The above clearly indicates that the ministry scored, once again, good results regarding the remuneration fees of the newly awarded three exploration block in this bid round.
The Way Forward
In the immediate aftermath of the bid round the Minister of Oil 'Abd al Karim al-Luaibi made two statements, one related to a new fifth bid round and the other on the exploration program.
Regarding the proposed new fifth bid round he reportedly said Iraq has more than 60 blocks ready to be offered, and preparations would start in few months for the launch of a fifth round in which 10-15 oil and gas blocks would be put on offer and that this requires more than a year to prepare for bidding.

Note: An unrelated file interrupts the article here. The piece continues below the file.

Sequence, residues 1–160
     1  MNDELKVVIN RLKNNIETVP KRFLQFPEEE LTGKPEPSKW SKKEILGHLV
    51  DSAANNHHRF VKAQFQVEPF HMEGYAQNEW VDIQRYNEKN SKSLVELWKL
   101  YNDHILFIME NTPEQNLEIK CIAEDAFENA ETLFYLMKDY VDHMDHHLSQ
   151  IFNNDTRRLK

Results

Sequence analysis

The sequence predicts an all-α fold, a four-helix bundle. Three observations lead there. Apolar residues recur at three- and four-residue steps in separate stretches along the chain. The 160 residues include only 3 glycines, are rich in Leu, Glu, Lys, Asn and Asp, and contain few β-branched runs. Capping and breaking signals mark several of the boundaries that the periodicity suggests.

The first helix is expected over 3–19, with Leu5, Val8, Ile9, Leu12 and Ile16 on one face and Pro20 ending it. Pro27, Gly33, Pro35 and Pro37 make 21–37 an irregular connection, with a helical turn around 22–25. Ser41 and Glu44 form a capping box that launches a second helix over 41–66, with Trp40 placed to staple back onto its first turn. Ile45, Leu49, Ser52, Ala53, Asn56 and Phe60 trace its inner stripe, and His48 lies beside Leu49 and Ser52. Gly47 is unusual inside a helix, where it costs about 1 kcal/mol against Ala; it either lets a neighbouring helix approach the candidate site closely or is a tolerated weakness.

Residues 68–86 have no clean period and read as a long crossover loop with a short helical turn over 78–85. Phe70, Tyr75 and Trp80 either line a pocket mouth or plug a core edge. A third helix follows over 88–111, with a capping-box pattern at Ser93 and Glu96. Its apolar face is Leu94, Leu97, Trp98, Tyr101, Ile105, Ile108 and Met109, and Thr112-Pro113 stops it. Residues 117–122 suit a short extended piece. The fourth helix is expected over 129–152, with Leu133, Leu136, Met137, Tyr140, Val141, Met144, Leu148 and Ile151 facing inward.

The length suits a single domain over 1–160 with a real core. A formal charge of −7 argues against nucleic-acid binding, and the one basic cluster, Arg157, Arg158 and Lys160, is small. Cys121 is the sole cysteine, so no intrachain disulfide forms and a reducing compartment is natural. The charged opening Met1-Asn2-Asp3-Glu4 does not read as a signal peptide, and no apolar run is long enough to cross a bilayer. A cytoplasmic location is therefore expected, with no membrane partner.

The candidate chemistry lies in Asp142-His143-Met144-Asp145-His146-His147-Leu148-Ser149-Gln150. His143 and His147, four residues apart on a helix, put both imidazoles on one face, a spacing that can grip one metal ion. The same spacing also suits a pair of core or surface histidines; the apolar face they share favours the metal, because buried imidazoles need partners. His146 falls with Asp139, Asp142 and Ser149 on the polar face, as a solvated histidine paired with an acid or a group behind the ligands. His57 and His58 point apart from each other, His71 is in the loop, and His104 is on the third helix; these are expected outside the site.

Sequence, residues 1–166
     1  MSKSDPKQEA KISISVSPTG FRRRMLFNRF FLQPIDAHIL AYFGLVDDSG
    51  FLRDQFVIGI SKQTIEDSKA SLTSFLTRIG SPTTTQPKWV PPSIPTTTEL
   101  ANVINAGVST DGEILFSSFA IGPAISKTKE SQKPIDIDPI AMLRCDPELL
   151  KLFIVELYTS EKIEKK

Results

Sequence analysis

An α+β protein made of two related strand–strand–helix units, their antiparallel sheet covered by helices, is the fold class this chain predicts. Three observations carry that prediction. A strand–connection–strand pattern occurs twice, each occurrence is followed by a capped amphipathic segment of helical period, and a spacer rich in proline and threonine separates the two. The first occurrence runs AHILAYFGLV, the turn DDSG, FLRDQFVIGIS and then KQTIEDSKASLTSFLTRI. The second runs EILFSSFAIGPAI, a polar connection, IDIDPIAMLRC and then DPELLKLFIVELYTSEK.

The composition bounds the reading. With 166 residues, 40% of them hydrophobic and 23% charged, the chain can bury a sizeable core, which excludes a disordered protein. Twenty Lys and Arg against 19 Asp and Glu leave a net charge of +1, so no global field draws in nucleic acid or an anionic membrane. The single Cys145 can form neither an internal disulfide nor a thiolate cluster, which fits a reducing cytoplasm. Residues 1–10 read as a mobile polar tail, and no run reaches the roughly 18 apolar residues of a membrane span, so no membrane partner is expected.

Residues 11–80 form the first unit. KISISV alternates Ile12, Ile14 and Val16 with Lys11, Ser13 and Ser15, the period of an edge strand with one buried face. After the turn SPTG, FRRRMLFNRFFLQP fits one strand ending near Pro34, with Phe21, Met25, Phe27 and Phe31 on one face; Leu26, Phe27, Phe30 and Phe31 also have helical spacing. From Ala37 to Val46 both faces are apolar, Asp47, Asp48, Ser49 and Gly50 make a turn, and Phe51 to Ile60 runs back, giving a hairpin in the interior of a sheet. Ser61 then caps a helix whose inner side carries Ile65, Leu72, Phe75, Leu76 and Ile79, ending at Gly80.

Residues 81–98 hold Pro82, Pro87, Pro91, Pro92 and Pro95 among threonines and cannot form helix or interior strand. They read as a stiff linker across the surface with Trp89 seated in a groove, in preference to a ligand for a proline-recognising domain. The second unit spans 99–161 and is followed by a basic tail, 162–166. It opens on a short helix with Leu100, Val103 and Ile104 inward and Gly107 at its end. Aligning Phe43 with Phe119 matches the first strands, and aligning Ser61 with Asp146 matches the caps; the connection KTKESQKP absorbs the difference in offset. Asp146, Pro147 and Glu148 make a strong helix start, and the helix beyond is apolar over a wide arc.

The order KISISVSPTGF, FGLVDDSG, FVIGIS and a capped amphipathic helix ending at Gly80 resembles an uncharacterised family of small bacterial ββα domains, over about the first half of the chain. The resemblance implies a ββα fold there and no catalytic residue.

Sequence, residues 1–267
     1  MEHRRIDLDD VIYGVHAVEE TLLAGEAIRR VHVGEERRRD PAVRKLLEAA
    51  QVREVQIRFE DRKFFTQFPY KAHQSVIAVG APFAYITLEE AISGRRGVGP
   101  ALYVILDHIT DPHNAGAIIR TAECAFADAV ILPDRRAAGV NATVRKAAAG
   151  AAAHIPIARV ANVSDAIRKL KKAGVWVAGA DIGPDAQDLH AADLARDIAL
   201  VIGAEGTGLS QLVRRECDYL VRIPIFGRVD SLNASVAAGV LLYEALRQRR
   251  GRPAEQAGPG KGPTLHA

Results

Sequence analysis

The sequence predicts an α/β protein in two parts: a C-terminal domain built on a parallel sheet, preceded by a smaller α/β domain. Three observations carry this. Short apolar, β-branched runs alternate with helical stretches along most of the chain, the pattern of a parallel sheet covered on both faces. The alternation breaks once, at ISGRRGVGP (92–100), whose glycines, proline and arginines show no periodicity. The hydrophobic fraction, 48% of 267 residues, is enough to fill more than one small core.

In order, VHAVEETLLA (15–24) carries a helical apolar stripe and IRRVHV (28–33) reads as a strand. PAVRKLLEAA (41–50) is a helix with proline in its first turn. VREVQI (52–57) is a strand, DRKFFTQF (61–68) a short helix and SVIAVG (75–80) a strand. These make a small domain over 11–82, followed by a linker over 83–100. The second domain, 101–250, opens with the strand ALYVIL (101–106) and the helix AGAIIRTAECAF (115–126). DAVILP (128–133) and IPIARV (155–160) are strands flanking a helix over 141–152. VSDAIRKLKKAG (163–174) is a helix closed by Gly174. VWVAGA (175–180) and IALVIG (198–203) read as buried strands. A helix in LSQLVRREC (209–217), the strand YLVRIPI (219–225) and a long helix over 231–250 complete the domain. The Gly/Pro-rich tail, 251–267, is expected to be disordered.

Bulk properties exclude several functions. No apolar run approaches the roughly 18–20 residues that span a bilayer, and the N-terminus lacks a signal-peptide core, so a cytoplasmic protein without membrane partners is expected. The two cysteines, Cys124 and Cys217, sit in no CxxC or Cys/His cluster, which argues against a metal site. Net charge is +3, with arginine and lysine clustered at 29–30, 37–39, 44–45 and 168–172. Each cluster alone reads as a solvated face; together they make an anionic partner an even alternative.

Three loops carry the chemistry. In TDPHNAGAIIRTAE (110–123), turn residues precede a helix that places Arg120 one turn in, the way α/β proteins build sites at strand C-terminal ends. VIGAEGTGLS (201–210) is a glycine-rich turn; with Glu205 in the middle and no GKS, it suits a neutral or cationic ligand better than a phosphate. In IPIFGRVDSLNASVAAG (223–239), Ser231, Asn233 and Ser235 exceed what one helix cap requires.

Actually there are no compelling reasons for holding a fifth bid round at such a pace. With the three new exploration service contracts the ministry has now a total of 18 contracts covering 17 oil and gas fields and three exploration blocks. Managing these contracts in an orderly and effective way is not an easy job considering the human and institutional capacity constraints the ministry encounters. As many signals indicate, some of the concluded contracts might be subject to revision pertaining to their plateau production target, which could entail serious renegotiation of the related contracts. This, if it happens, would require more time and effort and could stretch the ministry’s capacities to the limit. Moreover, the ministry has many other important fields and sub-sector projects to manage as outlined in its current plan. Finally, if eventually the ministry reduces the plateau production target for the first two bid rounds to a level commensurate with what many industry sources envisage, then the “resource replenishment” argument becomes less convincing for such a hasty fifth bid round, though admittedly developing unexplored blocks has a long lead-time.